Making Your Home A Dog-Friendly Zone

Making Your Home A Dog-Friendly Zone

Your life can easily revolve around your dog, from how long you can leave them alone to making changes to your home to suit them. 44% of Americans have a pet dog and 41% of those have more than just the one dog. That’s a lot of dogs running around, shedding fur in people’s houses. Here are some adaptations to consider to make your home safe and comfortable for your dog, but also to help you keep it clean and presentable.

Making Your Home A Dog-Friendly Zone

Dog-friendly flooring

All too often dog owners have to replace their flooring because the pup chewed on it or scratched it up. Dogs like to run around, and their claws can easily scratch floors, so a hardwood, scratch-resistant floor is best. Tiles are scratch resistant and are ideal for kitchens and bathrooms. They’re also easy to clean and your dog will appreciate somewhere cool to lay on hot days. If you do opt for a carpet avoid ones that have loops as dogs will enjoy getting their claws and teeth into the loops and pulling them apart. Make sure you have a good vacuum too as dog hair will cling to carpets and can result in allergy problems for both pets and pet parents.

Keeping your home warm 

Some methods of heating your home aren’t compatible with dogs running around. Dogs like to be warm and will be drawn to sitting close to the heat source, so it’s important that it’s safe for them to be rolling around nearby. An open fire is obviously a dangerous choice, even with a fireguard, as playful dogs are very good at running into things. A wall mounted fireplace is ideal for a dog-friendly home as they are safe, with no smoke or embers coming off them. This means there’s no chance of burns, smoke inhalation or fires, keeping you and your pet safe.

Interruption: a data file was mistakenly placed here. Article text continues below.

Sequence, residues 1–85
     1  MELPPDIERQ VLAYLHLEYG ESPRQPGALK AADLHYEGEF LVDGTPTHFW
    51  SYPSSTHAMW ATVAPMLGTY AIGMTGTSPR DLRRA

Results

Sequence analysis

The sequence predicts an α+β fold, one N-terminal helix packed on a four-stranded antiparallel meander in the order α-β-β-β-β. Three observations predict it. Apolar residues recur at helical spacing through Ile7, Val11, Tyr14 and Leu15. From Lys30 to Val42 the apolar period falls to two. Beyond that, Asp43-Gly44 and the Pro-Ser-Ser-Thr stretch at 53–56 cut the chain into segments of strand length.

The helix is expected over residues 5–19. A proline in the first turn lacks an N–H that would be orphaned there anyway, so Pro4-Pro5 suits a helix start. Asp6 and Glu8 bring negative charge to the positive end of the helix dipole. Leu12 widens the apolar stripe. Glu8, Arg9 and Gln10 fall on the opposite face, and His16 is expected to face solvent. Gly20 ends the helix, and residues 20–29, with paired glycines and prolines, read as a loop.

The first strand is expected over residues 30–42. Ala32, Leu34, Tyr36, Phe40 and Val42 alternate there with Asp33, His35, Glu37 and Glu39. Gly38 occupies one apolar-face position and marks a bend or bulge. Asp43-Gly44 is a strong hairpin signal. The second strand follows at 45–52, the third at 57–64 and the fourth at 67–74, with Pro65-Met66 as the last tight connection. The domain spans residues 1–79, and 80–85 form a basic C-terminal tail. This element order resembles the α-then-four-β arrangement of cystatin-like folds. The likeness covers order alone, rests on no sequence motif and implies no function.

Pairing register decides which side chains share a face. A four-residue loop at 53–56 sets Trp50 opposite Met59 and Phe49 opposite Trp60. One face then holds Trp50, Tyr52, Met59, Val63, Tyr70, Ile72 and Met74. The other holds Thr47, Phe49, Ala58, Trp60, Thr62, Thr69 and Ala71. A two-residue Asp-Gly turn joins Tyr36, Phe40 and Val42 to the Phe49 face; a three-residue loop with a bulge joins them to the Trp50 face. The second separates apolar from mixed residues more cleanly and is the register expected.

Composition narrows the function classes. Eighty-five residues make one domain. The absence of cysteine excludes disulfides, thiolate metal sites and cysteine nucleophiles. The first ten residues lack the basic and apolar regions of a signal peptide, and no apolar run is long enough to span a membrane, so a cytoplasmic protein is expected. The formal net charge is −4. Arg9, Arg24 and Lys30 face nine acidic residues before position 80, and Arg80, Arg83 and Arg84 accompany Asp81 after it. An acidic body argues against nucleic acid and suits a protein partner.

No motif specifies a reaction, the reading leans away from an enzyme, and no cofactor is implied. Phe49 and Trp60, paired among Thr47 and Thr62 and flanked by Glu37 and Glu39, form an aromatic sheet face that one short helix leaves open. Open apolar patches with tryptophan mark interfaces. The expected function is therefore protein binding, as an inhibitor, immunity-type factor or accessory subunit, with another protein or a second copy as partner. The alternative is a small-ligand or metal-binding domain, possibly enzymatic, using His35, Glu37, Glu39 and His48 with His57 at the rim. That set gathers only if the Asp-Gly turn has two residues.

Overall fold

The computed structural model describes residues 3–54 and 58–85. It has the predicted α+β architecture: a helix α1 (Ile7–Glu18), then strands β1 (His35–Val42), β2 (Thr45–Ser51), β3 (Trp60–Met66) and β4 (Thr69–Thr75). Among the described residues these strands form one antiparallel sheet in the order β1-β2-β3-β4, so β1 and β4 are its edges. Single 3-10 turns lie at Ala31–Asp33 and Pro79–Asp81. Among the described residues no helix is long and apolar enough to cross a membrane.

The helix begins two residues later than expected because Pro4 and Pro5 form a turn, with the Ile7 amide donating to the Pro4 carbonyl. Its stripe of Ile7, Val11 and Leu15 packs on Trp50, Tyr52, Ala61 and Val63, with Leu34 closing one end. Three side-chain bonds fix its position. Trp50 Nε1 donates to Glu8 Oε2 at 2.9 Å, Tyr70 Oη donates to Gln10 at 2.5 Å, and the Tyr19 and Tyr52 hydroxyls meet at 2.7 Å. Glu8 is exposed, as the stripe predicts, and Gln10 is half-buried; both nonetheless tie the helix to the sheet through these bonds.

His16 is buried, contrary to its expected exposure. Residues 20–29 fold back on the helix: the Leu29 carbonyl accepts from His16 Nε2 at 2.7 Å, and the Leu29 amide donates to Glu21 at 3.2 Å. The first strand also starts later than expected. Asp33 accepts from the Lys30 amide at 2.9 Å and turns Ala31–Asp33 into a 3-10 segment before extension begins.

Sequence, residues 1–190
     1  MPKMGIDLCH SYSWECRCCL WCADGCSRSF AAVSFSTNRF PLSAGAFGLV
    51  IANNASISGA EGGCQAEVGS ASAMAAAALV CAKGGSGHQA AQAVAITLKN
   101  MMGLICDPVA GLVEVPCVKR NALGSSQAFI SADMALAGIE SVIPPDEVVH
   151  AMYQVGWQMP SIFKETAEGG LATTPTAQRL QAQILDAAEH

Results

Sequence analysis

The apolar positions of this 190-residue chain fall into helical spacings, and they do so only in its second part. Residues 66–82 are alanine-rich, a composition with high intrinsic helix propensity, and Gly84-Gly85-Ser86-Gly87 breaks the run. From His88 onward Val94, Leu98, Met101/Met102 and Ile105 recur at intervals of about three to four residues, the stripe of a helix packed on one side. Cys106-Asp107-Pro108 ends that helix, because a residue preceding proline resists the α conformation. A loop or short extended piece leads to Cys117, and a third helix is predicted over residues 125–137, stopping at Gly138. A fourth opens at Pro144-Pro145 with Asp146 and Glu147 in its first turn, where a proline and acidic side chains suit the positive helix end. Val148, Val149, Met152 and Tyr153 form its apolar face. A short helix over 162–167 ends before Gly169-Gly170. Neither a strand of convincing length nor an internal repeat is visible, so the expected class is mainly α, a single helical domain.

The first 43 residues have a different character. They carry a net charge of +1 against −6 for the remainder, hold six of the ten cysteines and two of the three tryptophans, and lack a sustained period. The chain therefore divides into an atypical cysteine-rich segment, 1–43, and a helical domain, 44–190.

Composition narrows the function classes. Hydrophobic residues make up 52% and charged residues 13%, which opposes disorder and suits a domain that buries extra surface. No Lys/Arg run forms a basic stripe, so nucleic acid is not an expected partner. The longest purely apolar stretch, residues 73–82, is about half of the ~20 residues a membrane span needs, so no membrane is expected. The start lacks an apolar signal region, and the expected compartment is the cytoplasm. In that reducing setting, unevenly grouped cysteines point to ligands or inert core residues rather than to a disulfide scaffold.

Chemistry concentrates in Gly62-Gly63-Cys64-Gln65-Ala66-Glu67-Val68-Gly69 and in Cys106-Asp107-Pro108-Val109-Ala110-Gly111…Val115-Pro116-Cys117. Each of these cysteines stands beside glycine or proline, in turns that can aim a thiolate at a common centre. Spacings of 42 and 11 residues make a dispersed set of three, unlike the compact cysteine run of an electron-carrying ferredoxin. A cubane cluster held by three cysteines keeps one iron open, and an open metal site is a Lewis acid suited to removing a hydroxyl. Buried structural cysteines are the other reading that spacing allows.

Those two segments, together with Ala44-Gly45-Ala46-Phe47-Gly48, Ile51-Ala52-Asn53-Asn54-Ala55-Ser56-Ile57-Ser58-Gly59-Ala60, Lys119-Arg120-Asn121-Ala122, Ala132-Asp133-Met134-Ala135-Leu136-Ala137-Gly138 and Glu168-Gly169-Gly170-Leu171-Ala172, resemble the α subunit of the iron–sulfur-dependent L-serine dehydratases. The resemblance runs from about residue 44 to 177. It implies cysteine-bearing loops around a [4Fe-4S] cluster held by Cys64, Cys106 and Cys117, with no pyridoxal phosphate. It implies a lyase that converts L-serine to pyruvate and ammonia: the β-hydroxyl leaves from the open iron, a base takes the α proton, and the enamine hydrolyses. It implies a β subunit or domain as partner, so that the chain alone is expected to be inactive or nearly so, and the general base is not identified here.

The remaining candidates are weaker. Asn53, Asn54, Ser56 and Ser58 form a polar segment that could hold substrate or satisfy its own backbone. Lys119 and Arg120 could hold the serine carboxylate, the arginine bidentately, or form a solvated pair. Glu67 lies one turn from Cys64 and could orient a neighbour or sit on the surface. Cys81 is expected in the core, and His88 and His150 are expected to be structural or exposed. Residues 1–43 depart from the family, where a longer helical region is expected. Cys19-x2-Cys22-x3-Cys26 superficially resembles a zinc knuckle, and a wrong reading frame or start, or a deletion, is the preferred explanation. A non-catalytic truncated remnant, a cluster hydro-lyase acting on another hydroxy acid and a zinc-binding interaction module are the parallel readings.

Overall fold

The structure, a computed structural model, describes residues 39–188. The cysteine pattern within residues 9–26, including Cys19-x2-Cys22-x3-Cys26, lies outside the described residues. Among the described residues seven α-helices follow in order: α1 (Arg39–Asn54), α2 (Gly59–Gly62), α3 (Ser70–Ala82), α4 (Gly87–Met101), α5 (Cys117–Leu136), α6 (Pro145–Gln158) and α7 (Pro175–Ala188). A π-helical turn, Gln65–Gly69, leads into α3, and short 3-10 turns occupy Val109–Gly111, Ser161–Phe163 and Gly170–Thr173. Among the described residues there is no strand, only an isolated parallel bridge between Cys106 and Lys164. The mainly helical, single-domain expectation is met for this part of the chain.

Look out for poisonous plants

Many people like to have decorative plants to make their house feel lived in, but some plants are dangerous for dogs. Mistletoe is common around Christmas and can cause abdominal pain, breathing difficulties, diarrhea, a slowed heart rate and even cardiovascular collapse if consumed by your dog. Daffodils can cause similar symptoms, along with a serious drop in blood pressure. The whole plant is poisonous to dogs, and the bulb is particularly potent. Tulip plants, and again bulbs, can cause drooling, nausea, and irritation. It’s best to keep household plants out of reach for dogs and get to know what you should avoid in your garden.

There are many things to consider in your home when it comes to making it dog-friendly. You’ll notice a lot of little changes that can be made once your dog has settled into your home, like getting a box just for toys to avoid tripping over them and having a towel by the door to dry them on rainy days after going into the garden or out for walks. Some changes can be small, and some will require more thought and effort to keep your pet safe.

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